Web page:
161. Subba Rao BR, Sangwar HS, Abbasi OA, Singh Y, Ksheer Sagar AM (1965) New records of hymenopterous parasites of Nipaecoccus vaster Maskell (Homp.Coccidae) a serious pest of citrus from India. Indian J Entamol 22:109–110Google Scholar
  162. Sunitha ND, Jagginavar SB, Biradar AP (2009) Bioefficacy botanicals and newer insecticides against grapevine mealybug, Maconellicoccus hirsutus (Green). Karnataka J Agric Sci 22(3):710–711Google Scholar
  163. Swart PL, Barnes BN (1975) Improved mealybug control on table grapes with a quick-breakdown insecticide. Decid Fruit Grow 25(1):4, 6–8Google Scholar
  164. Swart PL, Barnes BN (1976) Mealybug on table grapes: a most effective insecticide for the control of the vine mealybug, and the economic implications of three- and four-spray programs. Decid Fruit Grow 26(10):378–382Google Scholar
  165. Tejkumar S, Aftab Ahmed M, Dhramaraju E (1977) Occurrence of the mealy bug, Pseudococcus spp. A serious pest of grapevine around Hyderabad. Indian J Entamol 39:189–190Google Scholar
  166. Thiem H (1925) The most important coccids injurious to orchards and vineyards in Germany Biol. Reiehsanst, Land-u-Forstw. Flugbl 77:4Google Scholar
  167. Tipping C, Bikoba V, Chander GJ, Mitcham EJ (2003) Efficacy of Silwet L-77 against several arthropod pests of table grape. J Econ Entomol 96(1):246–250PubMedCrossRefGoogle Scholar
  168. Tranfaglia A, Viggiani G (1981) Problems of integrated control in vine-growing in Italy. Bollettino di Zoologia Agraria e di Bachicoltura 16:85–89Google Scholar
  169. Transfaglia A (1976) Considerationson the morphological affinities between Planococcus citri and P. ficus (SigJ (Homoptera : CoecoideaL In Alii XI Congresso Nazionale Italiano di Entomologia, Portiei sorrento, 10–15 May 1976, pp 91–93Google Scholar
  170. Tryapitzyn SV, Tryapitzyn VA (1999) Parasitoids of mealybugs (Homoptera, Pseudococcidae) on cultivated grapes in Argentina, with description of a new species of the genus Aenasius Walker (Hymenoptera, Encyrtidae) [Russian]. Entomologicheskoe Obozrenie 78(1):174–180Google Scholar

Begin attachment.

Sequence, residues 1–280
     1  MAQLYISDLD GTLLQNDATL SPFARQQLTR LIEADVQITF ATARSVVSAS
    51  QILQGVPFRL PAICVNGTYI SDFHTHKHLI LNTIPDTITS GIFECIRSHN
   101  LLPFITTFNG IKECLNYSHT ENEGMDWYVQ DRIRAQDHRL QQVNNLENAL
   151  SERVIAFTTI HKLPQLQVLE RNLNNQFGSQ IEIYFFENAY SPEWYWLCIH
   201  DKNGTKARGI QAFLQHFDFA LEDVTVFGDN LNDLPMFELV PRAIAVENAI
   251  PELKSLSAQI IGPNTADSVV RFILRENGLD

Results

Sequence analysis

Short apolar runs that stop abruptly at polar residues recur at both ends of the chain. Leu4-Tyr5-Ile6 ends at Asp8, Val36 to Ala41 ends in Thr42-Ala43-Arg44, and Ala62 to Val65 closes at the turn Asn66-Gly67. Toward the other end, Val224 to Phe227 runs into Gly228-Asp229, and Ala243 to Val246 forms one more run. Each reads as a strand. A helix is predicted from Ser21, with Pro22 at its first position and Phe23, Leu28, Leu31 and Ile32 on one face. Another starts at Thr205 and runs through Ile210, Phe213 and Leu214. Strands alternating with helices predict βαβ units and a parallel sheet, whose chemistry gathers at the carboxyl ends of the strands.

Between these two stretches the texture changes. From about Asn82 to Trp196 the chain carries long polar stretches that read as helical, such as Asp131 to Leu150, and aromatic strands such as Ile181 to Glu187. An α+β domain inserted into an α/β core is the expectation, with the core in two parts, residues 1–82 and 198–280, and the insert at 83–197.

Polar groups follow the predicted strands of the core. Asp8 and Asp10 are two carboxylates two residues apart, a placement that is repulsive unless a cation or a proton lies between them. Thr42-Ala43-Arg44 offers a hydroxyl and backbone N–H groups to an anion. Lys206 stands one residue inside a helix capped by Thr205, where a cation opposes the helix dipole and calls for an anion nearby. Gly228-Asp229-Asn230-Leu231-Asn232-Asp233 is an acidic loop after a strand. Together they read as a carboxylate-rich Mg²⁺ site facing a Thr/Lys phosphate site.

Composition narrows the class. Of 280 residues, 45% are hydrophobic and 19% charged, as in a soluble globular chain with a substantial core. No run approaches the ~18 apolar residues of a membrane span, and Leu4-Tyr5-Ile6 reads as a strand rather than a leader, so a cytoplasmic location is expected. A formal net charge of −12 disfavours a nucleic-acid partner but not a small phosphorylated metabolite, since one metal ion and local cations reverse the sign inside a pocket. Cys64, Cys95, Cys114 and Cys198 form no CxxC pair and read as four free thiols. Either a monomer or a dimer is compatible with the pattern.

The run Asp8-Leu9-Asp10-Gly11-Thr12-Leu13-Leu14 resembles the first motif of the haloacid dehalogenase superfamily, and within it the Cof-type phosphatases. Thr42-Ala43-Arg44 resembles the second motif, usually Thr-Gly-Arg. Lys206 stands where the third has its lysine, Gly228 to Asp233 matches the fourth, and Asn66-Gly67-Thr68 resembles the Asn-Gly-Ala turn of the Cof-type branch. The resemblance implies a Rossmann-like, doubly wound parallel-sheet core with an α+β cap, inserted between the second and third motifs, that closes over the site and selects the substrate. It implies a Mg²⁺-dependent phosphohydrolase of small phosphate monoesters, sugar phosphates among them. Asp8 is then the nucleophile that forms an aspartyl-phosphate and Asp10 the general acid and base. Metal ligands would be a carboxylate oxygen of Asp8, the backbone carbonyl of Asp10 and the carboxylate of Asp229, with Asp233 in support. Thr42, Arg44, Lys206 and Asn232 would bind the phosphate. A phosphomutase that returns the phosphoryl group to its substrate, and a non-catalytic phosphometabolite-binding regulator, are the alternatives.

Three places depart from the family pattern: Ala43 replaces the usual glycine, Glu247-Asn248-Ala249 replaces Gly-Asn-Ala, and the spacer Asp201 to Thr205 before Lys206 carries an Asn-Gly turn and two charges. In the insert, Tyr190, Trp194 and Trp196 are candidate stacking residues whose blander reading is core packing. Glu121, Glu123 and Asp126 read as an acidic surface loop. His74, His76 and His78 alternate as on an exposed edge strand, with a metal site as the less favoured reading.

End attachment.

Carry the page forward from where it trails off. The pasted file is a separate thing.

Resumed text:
171. Verghese A (1997) Colony number, size and reproductive potential of the grape mealybug, Maconellicoccus hirsutus (Green) on laboratory host, pumpkin. Insect Environ 2(4):139–140Google Scholar
  172. Walton VM, Pringle KL (1999) Effects of pesticides used on table grapes on the mealybug parasitoid Coccidoxenoides peregrinus (Timberlake) (Hymenoptera: Encyrtidae). S Afr J Enol Viticult 20:31–34Google Scholar
  173. Walton VM, Pringle KL (2001) Effects of pesticides and fungicides used on grapevines on the mealybug predatory beetle Nephus ‘boschianus’ (Coccinellidae, Scymnini). S Afr J Enol Viticul 22:107–110Google Scholar
  174. Walton VM, Pringle KL (2004) A survey of mealybugs and associated natural enemies in vineyards in the Western Cape Province, South Africa. S Afr J Enol Viticul 25:23–25Google Scholar
  175. Walton VM, Daane KM, Pringle KL (2004) Monitoring Planococcus ficus in South African vineyards with sex pheromone-baited traps. Crop Prot 23:1089–1096CrossRefGoogle Scholar
  176. Whitehead VB (1961) Insect enemies of the mealybug on grapevines. Decid Fruit Grow 10:123–127Google Scholar
  177. Williams DJ (2004) Mealybugs of southern Asia. The Natural History Museum/Southdene SDN. BHD, London/Kuala Lumpur, 896 pGoogle Scholar
  178. Willink MCG, Scatoni IB, ETerra AL, Frioni MI (1997) Cochinillas harinosas (Homoptera, Pseudococcidae) que afectan plantas cultivadas y silvestres en Uruguay. Agrociencia Montevidéo 1:96–100Google Scholar
  179. Wunn H (1928) Observations on coccids Bad. 81. Z Angew Ent ii(6):321–322Google Scholar
  180. Zhang AJ, Amalin D, Shirali S, Serrano MS, Franqui RA, Oliver JE, Klun JA, Aldrich JR, Meyerdirk DE, Lapointe SL (2004) Sex pheromone of the pink hibiscus mealybug, Maconellicoccus hirsutus, contains an unusual cyclobutanoid monoterpene. Proc Natl Acad Sci U S A 101:9601–9606PubMedCentralPubMedCrossRefGoogle Scholar
  181. Zillig H, Neimeyer L (1929) An outbreak of the mealybug, Phenacoccus hystrix (Bar) in the vine region of Mmosel. Saar and Ruwere Aab Biol Reichsanst XVII:67–102Google Scholar

Copyright information

© Springer India 2016

Authors and Affiliations

  1. 1.Indian Institute of Horticultural ResearchBangaloreIndia

Personalised recommendations